UC President Edited Proposed Constitution After Voting Closed in Referendum

UC President Michael Y. Cheng ’22 apologized for editing the document, saying he was seeking “to troll some UC members.”


UPDATED: March 31, 2022 at 9:29 p.m.

Less than two hours after voting closed on a referendum in which students voted to dissolve Harvard’s Undergraduate Council, a public document containing the text of a proposed new student government constitution was edited by UC President Michael Y. Cheng ’22 to grant him additional authority during the transition to the alternative system.

At 1:54 p.m. Thursday, Cheng edited the Google Document containing a public version of the constitution to add in a sentence granting himself and his vice president, Emmett E. de Kanter ’24, “final decisions on all constitutional matters and UC activities during the transition,” in consultation with the Harvard College Dean of Students Office.

The sentence was deleted an hour later by Lowell House UC Representative LyLena D. Estabine ’24, a Cheng ally who owns the document and served as a member of the group that crafted the constitution.


The version history of the Google Document containing the constitution was reviewed by The Crimson Thursday afternoon.

In a text message Thursday night, Cheng apologized for editing the document.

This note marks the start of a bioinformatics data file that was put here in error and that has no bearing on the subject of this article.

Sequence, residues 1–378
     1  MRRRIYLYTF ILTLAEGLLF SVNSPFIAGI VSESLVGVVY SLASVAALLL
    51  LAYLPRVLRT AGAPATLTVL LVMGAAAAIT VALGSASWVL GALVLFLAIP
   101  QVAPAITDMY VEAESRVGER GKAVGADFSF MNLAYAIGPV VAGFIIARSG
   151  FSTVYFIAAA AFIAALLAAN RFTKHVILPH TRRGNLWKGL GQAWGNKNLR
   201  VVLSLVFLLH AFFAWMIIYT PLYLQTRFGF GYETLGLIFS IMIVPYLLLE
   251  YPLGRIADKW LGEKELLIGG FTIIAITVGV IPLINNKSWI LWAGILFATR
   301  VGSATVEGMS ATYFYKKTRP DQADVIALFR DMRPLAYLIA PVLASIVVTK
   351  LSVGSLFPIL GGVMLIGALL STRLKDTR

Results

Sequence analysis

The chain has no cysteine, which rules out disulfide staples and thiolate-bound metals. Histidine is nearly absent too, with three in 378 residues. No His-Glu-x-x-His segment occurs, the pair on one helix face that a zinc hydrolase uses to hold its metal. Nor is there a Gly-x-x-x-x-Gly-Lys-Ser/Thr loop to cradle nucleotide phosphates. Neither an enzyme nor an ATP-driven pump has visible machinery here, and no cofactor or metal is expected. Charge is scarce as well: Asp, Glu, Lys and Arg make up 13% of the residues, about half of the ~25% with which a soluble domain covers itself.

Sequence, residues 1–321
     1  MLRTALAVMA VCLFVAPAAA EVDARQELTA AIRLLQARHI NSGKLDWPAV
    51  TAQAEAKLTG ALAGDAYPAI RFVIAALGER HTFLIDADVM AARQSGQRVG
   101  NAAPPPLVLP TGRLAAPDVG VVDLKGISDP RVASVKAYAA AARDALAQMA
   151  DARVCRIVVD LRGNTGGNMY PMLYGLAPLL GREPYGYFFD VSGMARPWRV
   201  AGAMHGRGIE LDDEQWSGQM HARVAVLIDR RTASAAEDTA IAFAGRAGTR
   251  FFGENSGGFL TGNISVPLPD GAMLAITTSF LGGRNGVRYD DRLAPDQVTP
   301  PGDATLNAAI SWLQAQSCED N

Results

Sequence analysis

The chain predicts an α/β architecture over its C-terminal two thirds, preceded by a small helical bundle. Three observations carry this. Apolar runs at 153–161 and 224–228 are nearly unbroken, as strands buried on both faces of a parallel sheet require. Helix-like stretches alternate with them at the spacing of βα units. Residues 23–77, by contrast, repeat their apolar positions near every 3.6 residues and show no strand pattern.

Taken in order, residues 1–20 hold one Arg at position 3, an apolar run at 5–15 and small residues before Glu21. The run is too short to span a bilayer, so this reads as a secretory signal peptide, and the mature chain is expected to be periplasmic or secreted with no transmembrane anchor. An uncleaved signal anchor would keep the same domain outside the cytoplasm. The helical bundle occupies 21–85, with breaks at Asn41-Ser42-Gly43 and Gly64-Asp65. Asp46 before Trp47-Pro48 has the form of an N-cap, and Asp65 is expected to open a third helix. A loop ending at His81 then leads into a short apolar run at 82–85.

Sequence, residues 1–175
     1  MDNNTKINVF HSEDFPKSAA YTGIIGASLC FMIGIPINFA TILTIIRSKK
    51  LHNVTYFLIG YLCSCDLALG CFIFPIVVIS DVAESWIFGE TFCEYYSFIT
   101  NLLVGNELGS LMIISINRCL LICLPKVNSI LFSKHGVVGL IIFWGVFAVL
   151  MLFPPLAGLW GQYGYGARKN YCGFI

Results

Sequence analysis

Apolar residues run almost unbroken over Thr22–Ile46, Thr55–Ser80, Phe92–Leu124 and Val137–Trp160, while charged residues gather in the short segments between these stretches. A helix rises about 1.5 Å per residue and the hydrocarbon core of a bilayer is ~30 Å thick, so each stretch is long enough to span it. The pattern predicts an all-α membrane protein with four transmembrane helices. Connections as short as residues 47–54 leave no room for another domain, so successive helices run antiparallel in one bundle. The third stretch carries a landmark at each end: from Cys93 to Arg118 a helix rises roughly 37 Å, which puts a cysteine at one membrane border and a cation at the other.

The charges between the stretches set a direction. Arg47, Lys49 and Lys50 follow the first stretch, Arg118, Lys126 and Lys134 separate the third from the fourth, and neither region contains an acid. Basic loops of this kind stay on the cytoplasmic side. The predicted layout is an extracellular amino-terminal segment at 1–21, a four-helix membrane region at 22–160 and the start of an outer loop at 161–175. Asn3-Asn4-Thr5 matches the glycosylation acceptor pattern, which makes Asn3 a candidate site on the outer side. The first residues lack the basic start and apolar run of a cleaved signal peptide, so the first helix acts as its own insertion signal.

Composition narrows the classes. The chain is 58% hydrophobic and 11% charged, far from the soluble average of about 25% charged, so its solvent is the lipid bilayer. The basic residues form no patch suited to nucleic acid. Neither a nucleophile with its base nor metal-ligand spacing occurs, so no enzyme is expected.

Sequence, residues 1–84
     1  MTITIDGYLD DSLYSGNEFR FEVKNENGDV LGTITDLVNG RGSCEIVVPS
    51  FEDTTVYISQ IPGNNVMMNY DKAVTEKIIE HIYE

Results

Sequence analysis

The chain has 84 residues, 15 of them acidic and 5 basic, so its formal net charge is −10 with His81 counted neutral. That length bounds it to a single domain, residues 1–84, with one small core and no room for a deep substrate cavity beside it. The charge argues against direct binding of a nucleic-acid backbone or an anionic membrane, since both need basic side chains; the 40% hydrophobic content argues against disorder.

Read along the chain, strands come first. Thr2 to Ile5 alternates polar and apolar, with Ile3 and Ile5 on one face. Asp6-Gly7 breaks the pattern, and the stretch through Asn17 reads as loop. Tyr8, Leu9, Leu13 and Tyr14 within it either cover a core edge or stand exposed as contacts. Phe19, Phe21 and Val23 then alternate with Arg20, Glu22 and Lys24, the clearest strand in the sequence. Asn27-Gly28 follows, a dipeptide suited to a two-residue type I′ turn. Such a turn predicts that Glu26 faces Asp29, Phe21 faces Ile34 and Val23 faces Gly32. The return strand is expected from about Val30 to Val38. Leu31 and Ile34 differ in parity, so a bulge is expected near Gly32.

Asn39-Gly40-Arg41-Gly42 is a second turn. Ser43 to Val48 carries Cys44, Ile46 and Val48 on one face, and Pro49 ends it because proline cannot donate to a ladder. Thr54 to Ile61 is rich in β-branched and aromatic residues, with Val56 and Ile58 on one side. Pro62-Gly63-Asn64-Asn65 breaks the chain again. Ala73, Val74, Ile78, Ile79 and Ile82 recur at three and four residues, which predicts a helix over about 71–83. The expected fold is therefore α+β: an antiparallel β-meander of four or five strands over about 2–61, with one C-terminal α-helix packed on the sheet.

“I honestly did it to troll some UC members obsessed with constitutional chaos, but it was a bad idea and I apologize,” he wrote.

UC Elections Chair Camryn D. Jones ’22 said the edit did not violate any elections rules.

Cheng ran on a pledge to abolish the UC in favor of a new system and led the movement calling for students to vote “yes” on the proposed constitution this week.

More than 75 percent of voters backed the proposal, easily eclipsing the required two-thirds threshold. Just over 3,950 students voted in the referendum between Monday and Thursday, surpassing the 40 percent turnout requirement.

The new constitution will form the Harvard Undergraduate Association — a body led by co-presidents that will be made up of fewer elected positions than the UC.

—Staff writer J. Sellers Hill can be reached at